Finally, some universities are exploring ways to interact with choral methods classes offered during the same semester at other institutions. Strategies as simple as having all students in the participating universities respond to a common, weekly question can enhance the potential of students in different places to learn from each other.


      Current technology offers exciting possibilities for enabling--potentially transforming--educational experiences. Yet no amount of online work can overcome bad teaching or substitute for teacher preparation. Indeed, employing effective online enhancement requires more intentionality, more organization, and more advanced planning on the part of choral music educators to achieve instructional goals. It calls for teachers, in effect, to craft and publish their own electronic resource books, constantly revised and tailored to the needs of their particular students.

      At the same time, however, online enhancement is uniquely positioned to make more use of project method and inquiry-based learning strategies than the traditional class session or rehearsal. This feasibility, along with the necessity for high level teacher skills just noted, may signal a transformation in the way choral teachers do business.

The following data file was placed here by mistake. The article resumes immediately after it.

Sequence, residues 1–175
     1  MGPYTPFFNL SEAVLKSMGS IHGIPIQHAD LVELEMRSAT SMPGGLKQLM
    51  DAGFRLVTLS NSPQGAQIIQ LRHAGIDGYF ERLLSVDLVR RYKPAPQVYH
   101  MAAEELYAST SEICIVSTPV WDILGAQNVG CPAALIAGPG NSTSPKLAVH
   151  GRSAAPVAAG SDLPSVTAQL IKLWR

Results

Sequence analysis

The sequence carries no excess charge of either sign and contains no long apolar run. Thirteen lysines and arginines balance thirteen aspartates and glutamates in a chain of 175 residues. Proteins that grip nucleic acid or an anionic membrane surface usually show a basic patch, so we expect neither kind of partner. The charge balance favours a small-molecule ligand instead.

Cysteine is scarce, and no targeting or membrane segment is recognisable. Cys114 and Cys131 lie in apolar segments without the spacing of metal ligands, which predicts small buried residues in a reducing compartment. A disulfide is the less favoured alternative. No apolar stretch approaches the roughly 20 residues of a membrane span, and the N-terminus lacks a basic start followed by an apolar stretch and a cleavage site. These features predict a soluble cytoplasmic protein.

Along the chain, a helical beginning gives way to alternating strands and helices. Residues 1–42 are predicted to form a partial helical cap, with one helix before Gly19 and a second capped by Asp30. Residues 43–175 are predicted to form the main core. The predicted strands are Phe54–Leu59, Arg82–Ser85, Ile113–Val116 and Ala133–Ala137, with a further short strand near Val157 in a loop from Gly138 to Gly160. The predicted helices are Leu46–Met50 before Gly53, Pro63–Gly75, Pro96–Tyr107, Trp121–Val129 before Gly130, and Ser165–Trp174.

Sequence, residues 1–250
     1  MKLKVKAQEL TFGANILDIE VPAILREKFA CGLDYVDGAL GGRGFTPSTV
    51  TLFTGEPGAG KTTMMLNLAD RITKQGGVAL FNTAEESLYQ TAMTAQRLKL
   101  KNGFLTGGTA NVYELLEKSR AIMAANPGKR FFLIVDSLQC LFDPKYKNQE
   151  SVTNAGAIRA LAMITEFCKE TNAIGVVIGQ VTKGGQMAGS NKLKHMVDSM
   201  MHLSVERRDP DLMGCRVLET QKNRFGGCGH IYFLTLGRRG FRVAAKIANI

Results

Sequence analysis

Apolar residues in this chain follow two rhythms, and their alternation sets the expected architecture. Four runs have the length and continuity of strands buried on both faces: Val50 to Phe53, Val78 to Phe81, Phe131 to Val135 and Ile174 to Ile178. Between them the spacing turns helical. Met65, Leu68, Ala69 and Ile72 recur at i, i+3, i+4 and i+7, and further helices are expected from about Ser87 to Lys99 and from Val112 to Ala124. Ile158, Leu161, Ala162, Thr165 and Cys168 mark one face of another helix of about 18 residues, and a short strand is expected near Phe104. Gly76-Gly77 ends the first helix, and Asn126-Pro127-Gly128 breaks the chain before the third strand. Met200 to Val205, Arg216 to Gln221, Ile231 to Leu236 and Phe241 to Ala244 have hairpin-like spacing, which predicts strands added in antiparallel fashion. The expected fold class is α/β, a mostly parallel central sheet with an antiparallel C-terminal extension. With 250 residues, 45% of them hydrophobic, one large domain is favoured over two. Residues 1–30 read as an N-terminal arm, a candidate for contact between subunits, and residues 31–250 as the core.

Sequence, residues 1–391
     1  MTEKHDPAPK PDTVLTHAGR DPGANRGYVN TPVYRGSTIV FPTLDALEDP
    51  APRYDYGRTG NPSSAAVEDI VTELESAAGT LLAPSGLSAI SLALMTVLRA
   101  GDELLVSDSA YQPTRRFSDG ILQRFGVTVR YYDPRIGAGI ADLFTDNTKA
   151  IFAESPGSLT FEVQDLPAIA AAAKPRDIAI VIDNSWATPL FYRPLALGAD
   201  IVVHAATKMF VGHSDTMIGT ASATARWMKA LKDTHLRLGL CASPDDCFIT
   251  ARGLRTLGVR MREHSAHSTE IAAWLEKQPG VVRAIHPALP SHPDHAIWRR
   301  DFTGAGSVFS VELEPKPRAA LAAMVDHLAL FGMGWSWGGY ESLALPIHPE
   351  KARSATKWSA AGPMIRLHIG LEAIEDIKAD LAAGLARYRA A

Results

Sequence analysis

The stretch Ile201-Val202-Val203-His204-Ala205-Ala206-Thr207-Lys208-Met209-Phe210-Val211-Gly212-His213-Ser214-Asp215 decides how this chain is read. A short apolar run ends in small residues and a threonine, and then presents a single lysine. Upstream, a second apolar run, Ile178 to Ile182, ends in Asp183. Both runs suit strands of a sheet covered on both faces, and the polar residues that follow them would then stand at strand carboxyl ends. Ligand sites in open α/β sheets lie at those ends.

In this sense, technology is not neutral. More than being just a new way of organizing information, online enhancement in a choral context may move instruction away from a traditionally teacher-centered approach nowhere more evident than the stereotypical conductor on a podium-to a more student-centered approach. Here passivity gives way to affording students a voice in the boundaries of the information they process and the skills they learn. Such a result may be a good thing. Yet, as Rud (1997) notes, it also raises questions: "How do we engage our students in sufficiently rich activities so that they can see how much is both revealed and concealed in what they are doing online?" To fail in this task risks recasting Rousseau's Emile in cyberspace.